In the meantime, visitors can see a variety of other planets, including Saturn and Jupiter, both of which are dramatic through Lowell's historic telescope. Saturn will be the featured planet through mid-April, with Jupiter starting after that. In particular, visitors will get to see a fantastic view of Saturn's rings (when seen from Earth) at near their maximum tilt of 27 degrees, making them quite distinct. Made of bright ice particles, the rings are especially easy to see with the Clark telescope, and the timing is fortuitous.

"The Cassini spacecraft is set to arrive in the Saturn system this summer, and planetary scientists are looking forward to its making many spectacular discoveries about the planet, its rings, and its host of icy moons," said Will Grundy, a Lowell associate astronomer.

Percival Lowell is buried at the top of the hill in a mausoleum near the Clark telescope, and the observatory works hard to continue his passion for solar system-focused research. Many of the large observatories around the world are financed by consortiums of colleges or governments and have to divide telescope time on a rotating basis, making it difficult for astronomers who need ongoing access. Since Lowell is a private, independent institution that owns all its own instruments, its astronomers can use them month after month, year after year, to take observations in a way that's hard to do almost anywhere else. As a result, research initiatives at Lowell tend to be focused on long-term studies that often require ongoing observations and data sets.

Lowell's current key research projects include, among others, a search for small objects (called Kuiper Belt Objects) in the outer solar system; a hunt for asteroids and comets that approach Earth; and exploration of the activity cycle of our sun and similar stars. Their biggest project is development of a new four-meter telescope called the Discovery Channel Telescope. Partially financed by the cable TV network of the same name for the right to create television shows featuring research generated by the telescope, the $30 million Discovery Channel Telescope will keep Lowell scientifically competitive when it's completed in 2008. It's expected to be one of the largest telescopes in the continental United States and among the most sophisticated ground-based telescopes of its size.

Lowell left his estate to the observatory, dictating that the money be used to continue astronomical research and maintain an opening and welcoming stance to the public. The observatory's long history of scientific accomplishments, including its discoveries of Pluto and the codiscovery of the rings of Uranus, the identification of the first evidence of an expanding universe, and its contributions to long-term solar system astronomy, show how successfully it has fulfilled that research mission over the last 85-plus years. Today, visitors to Flagstaff (and in the future, Discovery Channel viewers) can take advantage of Lowell's passion for astronomy and his generosity with the family fortune to get an up-close and personal look at our nearest planetary neighbors.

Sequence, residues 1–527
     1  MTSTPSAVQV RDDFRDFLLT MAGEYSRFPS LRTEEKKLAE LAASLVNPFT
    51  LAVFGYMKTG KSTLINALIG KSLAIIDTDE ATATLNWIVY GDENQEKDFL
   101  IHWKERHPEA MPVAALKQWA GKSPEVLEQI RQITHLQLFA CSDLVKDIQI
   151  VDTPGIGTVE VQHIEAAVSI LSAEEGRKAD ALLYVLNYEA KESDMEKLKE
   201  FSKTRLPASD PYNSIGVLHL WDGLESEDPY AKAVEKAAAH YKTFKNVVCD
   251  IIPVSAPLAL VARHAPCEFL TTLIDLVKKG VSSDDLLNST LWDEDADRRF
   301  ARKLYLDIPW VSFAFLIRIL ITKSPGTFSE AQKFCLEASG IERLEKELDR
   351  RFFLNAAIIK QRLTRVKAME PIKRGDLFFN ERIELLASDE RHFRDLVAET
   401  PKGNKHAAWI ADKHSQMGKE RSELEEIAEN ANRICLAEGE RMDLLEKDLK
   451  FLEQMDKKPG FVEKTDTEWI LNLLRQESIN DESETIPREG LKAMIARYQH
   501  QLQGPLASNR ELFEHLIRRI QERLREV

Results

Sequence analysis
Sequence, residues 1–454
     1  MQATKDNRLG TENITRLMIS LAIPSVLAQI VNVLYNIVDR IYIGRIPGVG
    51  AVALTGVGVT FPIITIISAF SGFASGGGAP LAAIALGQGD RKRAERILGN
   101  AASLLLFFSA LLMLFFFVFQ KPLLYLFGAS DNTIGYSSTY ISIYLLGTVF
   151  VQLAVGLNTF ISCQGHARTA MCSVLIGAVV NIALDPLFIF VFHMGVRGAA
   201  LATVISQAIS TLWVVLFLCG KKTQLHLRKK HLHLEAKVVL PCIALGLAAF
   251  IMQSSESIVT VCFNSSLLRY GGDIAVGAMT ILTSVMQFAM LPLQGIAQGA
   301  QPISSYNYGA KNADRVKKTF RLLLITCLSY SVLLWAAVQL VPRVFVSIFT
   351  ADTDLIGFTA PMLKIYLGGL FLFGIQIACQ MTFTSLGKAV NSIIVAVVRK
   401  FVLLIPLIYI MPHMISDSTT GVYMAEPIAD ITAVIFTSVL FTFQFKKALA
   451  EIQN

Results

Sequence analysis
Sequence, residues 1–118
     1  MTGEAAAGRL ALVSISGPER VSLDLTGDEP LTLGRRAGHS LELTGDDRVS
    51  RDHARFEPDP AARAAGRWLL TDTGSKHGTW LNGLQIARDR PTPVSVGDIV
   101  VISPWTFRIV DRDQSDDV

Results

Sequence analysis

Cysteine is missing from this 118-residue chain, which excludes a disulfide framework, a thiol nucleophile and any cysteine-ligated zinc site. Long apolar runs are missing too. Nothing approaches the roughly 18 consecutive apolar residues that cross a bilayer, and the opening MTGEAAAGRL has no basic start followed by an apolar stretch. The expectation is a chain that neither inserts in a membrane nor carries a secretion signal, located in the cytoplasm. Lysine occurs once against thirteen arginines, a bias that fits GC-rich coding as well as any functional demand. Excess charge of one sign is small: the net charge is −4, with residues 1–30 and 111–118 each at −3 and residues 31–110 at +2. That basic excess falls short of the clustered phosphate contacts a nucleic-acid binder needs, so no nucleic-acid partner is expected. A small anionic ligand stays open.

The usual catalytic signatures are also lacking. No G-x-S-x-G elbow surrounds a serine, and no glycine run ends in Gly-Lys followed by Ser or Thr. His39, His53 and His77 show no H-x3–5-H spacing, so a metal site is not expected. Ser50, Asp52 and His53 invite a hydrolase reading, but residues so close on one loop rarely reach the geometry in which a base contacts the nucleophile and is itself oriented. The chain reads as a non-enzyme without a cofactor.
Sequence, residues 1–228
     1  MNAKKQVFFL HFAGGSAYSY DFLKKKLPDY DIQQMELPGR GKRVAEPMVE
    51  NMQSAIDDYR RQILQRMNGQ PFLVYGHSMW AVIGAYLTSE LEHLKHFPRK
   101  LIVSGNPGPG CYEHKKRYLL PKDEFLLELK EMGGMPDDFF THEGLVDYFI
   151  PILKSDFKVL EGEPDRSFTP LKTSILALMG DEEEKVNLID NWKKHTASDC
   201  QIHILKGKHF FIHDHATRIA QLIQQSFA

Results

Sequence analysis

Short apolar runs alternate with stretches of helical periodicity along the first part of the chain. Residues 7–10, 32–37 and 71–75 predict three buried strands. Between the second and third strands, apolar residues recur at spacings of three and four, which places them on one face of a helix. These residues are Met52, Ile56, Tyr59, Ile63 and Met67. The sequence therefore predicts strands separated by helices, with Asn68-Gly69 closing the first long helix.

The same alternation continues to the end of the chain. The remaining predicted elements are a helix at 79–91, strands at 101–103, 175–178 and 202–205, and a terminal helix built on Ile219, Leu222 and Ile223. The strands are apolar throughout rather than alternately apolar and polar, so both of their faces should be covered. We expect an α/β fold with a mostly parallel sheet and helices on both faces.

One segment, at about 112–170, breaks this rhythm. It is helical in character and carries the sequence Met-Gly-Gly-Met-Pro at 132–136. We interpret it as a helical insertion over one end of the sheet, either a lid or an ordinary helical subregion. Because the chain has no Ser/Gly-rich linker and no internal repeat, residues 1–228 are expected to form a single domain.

David A. Kelly is a freelance business and travel writer who lives in West Newton.

How to get there

The lowest round-trip air fare available at press time from Boston to Phoenix was $189 on Northwest Airlines, and from Providence $233 on Delta, Continental, Northwest, and American Airlines. Phoenix, about 2 hours south of Flagstaff, is the largest airport nearby. America West Airlines offers nonstop flights to Phoenix from Boston, as well as flights into Flagstaff's airport.

Lowell Observatory is on a mesa on the west side of Flagstaff. From Phoenix, take Interstate 17 north to Flagstaff. Continue on Milton road north, left onto West Santa Fe Avenue and follow to the end. Take the right fork and drive one mile up the switchback road to the visitors center.

Lowell Observatory

1400 West Mars Hill Road, Flagstaff


Generally open noon--5 p.m. during winter, and 9 a.m.--5 p.m. the rest of the year. Open Friday and Saturday nights at 7:30 in the winter; Wednesday, Friday, and Saturday nights at 7:30 in spring and fall; and Monday through Saturday nights at 8 in the summer. Call for specific hours. Closed Jan. 1, April 11, Nov. 25, and Dec. 24-25.

Adults, $5; children 5-17, $2; AAA/senior/student, $4; children 4 and under free. Separate admission for day and evening programs.

Where to stay

The Radisson Woodlands Hotel

1175 West Route 66, Flagstaff

800-333-3333 or 928-773-8888

This is the closest hotel to the observatory. Rates range from $59 (winter) to $119 (summer).

Little America Hotel

2515 East Butler Ave., Flagstaff

928-779-7900 or 800-865-1401

Rates range from $79 (winter) to $129 (summer). Little America is a cross between a truck stop and a hotel, with large, clean rooms and a 1960s Western feel to the decor.

Where to eat

Charly's Pub and Grill

23 N. Leroux St., Flagstaff


On the ground floor of the Historic Weatherford Hotel, in the heart of downtown Flagstaff, Charly's serves steak, chicken, seafood, and Southwest specialties. Don't miss the top-floor Zane Grey Ballroom.

Don Diegos

801A S. Milton Road, Flagstaff


Specializes in great New Mexican and Native American foods and is also open for breakfast.